The overwhelming ethos of of the Excel spreadsheet driven accountants, whether in business or in government has greatly harmed basic scientific research. Those in charge want to see guaranteed returns on their investments. The history of science has shown that this may be a misguided policy. When clever people research they will stumble on all sorts of unexpected discoveries. By definition you cannot plan an unexpected discovery. What we need is greater investment in basic research (worldwide) and using those wasted graduates to push forward the boundaries of knowledge.
    In the mean time, society gets what it deserves. Things could be getting better much faster, but we are dealing with human beings, so be thankful with what we have achieved until now and hope that we don’t go into reverse gear..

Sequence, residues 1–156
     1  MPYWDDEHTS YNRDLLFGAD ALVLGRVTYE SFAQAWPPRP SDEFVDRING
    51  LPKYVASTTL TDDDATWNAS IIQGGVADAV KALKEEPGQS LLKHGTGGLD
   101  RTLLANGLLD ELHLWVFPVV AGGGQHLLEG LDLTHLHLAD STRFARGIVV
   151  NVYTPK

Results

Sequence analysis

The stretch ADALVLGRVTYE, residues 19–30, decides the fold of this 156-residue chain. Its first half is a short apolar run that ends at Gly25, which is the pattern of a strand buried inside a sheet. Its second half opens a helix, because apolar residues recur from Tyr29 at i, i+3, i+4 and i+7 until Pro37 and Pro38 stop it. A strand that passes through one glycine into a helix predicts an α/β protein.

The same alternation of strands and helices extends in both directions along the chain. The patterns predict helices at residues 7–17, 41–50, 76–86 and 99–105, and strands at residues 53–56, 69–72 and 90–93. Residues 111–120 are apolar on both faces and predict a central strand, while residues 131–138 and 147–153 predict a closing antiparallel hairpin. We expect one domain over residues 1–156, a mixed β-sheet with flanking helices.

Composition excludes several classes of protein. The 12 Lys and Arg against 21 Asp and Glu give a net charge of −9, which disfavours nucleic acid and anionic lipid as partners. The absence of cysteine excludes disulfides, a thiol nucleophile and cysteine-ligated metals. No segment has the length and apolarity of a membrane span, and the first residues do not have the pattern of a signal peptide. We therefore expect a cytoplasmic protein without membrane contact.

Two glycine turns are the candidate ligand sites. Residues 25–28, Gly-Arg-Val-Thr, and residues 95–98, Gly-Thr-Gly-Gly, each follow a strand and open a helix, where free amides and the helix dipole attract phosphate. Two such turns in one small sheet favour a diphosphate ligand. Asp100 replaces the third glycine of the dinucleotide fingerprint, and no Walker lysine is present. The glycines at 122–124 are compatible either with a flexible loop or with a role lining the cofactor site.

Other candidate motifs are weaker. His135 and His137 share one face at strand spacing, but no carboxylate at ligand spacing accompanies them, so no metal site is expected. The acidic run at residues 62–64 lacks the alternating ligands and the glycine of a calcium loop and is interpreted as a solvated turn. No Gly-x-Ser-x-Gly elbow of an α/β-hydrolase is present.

• dan

    Why is it that companies don’t invest in fundamental research? Didn’t they used to do that (XPARC, Bell Labs)? What changed? Why is the call only for more government funding? The thinking displayed above is far too limited.

    • Doug

      Fundamental research is what economists call a non-excludable good. Everyone benefits from it; the person paying for it can’t charge the rest of the world for the value of the research. That is why economists often view fundamental research as a public good, something that the public ought to pay for because otherwise it will be inefficiently underproduced.